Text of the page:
While law enforcement officials are still struggling to figure out how to use UAVs (aka drones), those outside of law enforcement are breaking new ground.

For instance, a Connecticut teen recently became an overnight sensation after he successfully weaponized his commercially available drone with a handgun.

Austin Haughwout, 18, posted a clip online showing the drone firing four shots, which triggered a police investigation.

Surely there must be some rules about this kind of thing, right? Certainly in “post-9/11 America” people can’t lawfully weaponize drones and send them out willy nilly.


Police in the kid’s hometown of Clinton say they can’t find anything to charge him with.

“It would seem to the average person, there should be something prohibiting a person from attaching a weapon to a drone,” Clinton Police Chief Todd Lawrie said in a statement cited by WTNH, the ABC affiliate in New Haven. “At this point, we can’t find anything that’s been violated.”

One law enforcement expert believes the only hope of filing a charge in these cases would be reckless conduct. And that’s a long shot.

“What if the drone gets beyond the distance of the radio control?” Tom Fuentes, a former assistant director of the FBI, told CNN Wire. “Do we want drones out of control that could land who knows where? We could have a child pick up the drone, pick up the gun, and accidentally kill themselves.”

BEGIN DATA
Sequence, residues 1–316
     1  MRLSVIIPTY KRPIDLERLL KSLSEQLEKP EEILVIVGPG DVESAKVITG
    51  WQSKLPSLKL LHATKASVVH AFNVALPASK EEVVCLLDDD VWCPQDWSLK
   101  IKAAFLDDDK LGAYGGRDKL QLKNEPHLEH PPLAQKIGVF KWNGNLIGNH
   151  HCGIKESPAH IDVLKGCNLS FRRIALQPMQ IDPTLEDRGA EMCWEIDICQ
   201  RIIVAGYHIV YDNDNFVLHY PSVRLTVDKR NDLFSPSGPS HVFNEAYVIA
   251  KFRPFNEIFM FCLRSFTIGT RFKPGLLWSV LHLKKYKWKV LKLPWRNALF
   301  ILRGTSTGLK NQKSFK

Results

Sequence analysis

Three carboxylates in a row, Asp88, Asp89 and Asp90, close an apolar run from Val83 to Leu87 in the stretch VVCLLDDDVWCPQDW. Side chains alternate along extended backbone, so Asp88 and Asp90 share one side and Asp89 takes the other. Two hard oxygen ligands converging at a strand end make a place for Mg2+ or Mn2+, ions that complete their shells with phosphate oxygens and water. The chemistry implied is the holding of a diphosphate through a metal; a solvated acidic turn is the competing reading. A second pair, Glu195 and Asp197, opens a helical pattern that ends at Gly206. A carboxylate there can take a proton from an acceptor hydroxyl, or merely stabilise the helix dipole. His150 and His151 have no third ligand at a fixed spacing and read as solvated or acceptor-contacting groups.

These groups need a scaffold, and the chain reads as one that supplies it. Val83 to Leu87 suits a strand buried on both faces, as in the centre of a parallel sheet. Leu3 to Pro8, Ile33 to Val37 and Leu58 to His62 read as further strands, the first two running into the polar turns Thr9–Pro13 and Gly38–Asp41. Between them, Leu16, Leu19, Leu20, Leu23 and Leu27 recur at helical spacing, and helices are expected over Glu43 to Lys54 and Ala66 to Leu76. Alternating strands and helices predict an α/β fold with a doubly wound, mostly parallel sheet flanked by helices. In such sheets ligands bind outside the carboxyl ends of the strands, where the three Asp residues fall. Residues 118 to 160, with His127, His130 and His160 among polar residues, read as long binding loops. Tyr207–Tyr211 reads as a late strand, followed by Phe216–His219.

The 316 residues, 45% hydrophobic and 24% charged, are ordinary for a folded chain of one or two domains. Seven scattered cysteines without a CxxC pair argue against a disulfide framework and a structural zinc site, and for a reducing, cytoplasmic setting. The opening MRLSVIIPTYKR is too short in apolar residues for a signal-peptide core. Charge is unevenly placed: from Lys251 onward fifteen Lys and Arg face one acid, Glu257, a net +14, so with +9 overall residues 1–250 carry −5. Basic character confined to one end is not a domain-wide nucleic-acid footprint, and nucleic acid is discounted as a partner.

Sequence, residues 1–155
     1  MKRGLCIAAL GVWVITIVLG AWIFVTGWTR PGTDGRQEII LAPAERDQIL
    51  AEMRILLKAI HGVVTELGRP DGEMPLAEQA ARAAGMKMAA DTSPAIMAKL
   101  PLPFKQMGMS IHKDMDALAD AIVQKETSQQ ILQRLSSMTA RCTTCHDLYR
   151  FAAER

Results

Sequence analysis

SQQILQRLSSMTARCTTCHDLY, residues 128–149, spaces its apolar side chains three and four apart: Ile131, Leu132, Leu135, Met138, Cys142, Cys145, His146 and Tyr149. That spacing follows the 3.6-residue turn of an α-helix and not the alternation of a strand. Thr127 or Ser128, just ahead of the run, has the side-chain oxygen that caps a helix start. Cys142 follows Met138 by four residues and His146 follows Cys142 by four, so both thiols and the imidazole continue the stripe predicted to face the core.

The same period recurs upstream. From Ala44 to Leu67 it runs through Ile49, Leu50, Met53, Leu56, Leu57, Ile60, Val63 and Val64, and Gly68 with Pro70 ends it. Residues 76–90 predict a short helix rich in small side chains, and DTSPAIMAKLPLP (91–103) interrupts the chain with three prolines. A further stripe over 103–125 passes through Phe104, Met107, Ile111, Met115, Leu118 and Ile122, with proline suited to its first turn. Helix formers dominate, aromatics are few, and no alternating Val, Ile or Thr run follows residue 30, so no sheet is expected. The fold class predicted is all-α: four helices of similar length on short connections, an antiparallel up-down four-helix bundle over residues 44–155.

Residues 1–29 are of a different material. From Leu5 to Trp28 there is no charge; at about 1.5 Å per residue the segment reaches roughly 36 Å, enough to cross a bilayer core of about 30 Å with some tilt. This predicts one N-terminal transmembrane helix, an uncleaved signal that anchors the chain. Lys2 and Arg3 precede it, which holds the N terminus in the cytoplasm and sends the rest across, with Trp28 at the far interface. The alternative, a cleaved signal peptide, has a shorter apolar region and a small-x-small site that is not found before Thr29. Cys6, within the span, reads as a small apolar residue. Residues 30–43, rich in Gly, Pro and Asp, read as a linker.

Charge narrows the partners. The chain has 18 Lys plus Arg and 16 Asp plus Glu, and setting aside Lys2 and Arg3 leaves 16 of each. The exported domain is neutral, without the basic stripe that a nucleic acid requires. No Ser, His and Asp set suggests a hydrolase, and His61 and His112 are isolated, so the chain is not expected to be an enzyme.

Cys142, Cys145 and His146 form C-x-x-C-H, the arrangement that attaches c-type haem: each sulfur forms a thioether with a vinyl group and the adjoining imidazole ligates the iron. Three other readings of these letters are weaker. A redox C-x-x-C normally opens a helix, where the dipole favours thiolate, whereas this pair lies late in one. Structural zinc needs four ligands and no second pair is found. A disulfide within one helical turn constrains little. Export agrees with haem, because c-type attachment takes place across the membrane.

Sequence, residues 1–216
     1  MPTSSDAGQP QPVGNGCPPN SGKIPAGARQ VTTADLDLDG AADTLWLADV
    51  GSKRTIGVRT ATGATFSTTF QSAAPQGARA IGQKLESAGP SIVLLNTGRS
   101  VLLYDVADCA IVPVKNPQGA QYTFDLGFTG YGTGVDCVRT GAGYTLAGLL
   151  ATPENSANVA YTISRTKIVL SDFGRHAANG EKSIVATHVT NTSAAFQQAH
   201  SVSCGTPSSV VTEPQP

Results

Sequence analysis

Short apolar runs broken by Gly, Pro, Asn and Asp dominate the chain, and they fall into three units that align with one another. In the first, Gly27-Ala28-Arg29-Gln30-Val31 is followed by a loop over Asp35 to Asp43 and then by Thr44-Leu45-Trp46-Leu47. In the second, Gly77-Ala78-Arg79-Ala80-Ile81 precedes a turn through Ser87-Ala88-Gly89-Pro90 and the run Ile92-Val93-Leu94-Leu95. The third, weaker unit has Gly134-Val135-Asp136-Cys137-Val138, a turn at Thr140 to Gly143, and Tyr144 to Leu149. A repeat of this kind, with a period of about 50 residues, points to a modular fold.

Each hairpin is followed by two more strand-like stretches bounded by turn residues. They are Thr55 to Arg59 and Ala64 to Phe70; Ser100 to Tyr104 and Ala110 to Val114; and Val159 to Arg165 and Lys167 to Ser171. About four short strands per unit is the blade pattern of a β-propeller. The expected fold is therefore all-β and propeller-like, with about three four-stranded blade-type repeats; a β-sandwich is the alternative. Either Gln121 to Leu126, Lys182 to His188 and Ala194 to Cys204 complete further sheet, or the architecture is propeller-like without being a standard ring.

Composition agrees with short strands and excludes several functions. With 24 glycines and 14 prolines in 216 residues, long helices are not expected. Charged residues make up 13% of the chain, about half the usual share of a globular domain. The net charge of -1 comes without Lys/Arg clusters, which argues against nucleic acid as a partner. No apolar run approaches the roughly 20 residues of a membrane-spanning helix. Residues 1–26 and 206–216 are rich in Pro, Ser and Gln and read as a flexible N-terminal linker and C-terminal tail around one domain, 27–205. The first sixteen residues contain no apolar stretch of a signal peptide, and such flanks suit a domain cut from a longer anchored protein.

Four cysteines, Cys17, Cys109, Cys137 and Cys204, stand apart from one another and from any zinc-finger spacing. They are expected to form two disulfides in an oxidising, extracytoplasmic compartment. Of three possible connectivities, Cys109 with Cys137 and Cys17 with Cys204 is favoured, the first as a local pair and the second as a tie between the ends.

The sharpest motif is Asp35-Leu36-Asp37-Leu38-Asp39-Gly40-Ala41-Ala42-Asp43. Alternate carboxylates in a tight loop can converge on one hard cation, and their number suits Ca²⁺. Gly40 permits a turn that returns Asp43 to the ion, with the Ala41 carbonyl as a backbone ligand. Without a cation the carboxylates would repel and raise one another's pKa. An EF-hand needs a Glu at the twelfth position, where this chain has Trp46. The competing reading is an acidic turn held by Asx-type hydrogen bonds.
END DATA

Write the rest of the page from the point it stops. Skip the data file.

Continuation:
Haughwout’s father told NBC Connecticut that the gun belongs to him and said his son did “extensive research” to ensure it didn’t break any laws.

“Homemade multi-rotor with a semi-automatic handgun mounted on it,” the description on YouTube reads. “Note: The length from the muzzle to the rear of the frame is over 26″.”

The reference to the length may be an attempt to comply with federal law governing overall length of rifles.

The FAA is now involved but it’s unclear if this will be perceived as a big government crackdown on individual liberty—which could gum up the works as far as filing charges.

The critical part is obviously the fact that those who hold grudges against police—such as the recent Dallas Police Headquarters shooter—don’t have to worry about risking their lives by engaging officers in gun battles.

They can do it by remote control.

And right now there’s nothing on the books that would prevent a Dylan Roof (Charleston) or a Mohamad Youssef Abdulazee (Chattanooga) from preparing extensively for an attack using commercially available drones and firearms.


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